From the TUC

Unemployment in the UK: a European perspective

09 Dec 2011, by in Economics

Here’s an interesting idea – at least it helped me to look at European economies in a new light.

We’re used to making economic comparisons between the UK and other European countries but, of course, the UK average obscures the difference between different regions. Today’s publication of Eurostat’s Regional Yearbook got me wondering: how does unemployment in the regions and nations of the UK look in the European context?

There are hundreds of European regions (literally) and in any case, most of us don’t know enough about other countries’ regional composition to learn much useful from seeing how the South East compares with Ticino, for instance. So instead, what I’ve done is to take the statistics for unemployment at national level in other European countries and regional level in the UK and put them in a single table, running from the lowest unemployment rates to the highest:

Country/region Unemployment
Norway 3.5
Luxembourg 4.4
Austria 4.4
Netherlands 4.5
Switzerland 4.5
South West  5.9
South East  6.1
Cyprus 6.2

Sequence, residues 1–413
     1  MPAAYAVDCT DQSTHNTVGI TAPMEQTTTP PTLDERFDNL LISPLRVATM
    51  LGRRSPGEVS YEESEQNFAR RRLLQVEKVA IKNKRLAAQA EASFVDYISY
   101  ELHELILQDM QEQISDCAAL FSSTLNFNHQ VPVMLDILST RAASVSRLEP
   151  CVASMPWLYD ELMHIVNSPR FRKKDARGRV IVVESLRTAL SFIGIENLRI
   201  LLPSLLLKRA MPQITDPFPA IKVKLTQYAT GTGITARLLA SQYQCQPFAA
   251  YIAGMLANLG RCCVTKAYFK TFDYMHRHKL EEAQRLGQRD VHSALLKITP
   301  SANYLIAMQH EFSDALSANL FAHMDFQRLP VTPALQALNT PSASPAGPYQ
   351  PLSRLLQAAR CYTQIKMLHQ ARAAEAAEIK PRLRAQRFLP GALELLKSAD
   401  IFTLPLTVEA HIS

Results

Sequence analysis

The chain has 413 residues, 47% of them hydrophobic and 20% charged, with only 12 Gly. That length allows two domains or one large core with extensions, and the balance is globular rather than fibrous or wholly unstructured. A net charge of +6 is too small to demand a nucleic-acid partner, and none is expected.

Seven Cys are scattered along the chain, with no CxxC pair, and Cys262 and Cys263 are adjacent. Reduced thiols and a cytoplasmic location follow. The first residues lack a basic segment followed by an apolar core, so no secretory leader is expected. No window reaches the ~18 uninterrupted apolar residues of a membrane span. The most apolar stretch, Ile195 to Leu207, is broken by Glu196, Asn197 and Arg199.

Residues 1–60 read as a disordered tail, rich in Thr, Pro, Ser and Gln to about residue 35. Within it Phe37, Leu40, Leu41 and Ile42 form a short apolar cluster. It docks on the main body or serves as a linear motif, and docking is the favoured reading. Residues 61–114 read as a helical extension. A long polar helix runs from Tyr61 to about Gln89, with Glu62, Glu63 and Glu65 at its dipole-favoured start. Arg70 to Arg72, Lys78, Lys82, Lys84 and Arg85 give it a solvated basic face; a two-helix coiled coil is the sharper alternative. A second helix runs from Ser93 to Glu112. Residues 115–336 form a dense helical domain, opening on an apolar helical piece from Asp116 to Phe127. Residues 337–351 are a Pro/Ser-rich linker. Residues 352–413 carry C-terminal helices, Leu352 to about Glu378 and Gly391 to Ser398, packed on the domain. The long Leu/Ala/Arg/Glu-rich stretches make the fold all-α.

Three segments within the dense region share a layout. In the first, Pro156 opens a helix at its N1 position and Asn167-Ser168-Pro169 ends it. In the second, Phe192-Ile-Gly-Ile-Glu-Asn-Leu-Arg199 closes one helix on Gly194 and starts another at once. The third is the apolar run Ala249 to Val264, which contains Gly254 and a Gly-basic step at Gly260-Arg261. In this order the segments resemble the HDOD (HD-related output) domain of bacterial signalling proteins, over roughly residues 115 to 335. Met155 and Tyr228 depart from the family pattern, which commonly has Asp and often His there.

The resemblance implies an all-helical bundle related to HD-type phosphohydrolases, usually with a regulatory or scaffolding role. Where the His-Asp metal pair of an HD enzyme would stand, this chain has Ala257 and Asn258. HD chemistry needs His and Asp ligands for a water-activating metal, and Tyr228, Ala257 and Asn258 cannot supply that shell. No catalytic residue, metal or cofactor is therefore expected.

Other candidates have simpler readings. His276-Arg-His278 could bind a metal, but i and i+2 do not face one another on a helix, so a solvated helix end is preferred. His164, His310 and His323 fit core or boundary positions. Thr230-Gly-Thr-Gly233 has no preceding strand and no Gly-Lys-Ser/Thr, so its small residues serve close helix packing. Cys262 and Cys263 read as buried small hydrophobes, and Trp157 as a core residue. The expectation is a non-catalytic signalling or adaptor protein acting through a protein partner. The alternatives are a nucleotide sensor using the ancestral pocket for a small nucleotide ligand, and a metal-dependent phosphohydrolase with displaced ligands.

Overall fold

East of England 6.6
Malta 6.9
Germany 7.1
Slovenia 7.2
Northern Ireland  7.2
Czech Republic 7.3
Romania 7.3
Denmark 7.4
East Midlands  7.6
Iceland 7.6
North West  7.9
Scotland 8.2
Belgium 8.3
Italy 8.4
Finland 8.4
Sweden 8.4
Wales 8.6
West Midlands  9
London 9
Yorks & Humber 9.2
North East  9.3
Poland 9.6
France 9.7
Bulgaria 10.2
Turkey 10.7
Portugal 10.8
Hungary 11.2
Croatia 11.8
Greece 12.5
Ireland 13.5
Slovakia 14.4
Estonia 16.9
Lithuania 17.8
Latvia 18.7
Spain 20.1

What can we learn from this? Well, for one thing, it helps to get a handle on unemployment rates in different countries. Intellectually, I knew that Swedish unemployment had risen, but thinking of it as similar to Wales makes it much more comprehensible. Equally, another way of thinking about the difference between the South West and the North East is that it’s like the difference between Switzerland and Poland.

Another point that emerges from this table is that the UK’s unemployment rate is still reasonablylow by European standards – even in the worst performing regions: there are 14 EU member states with unemployment rates higher than the North East.

And finally, next time someone tells you that the Baltic states (Estonia, Latvia, Lithuania) and Ireland are proving the ‘success’ of austerity, check out their position on this table – as Paul Krugman puts it, “they have made a desert and call it adjustment.”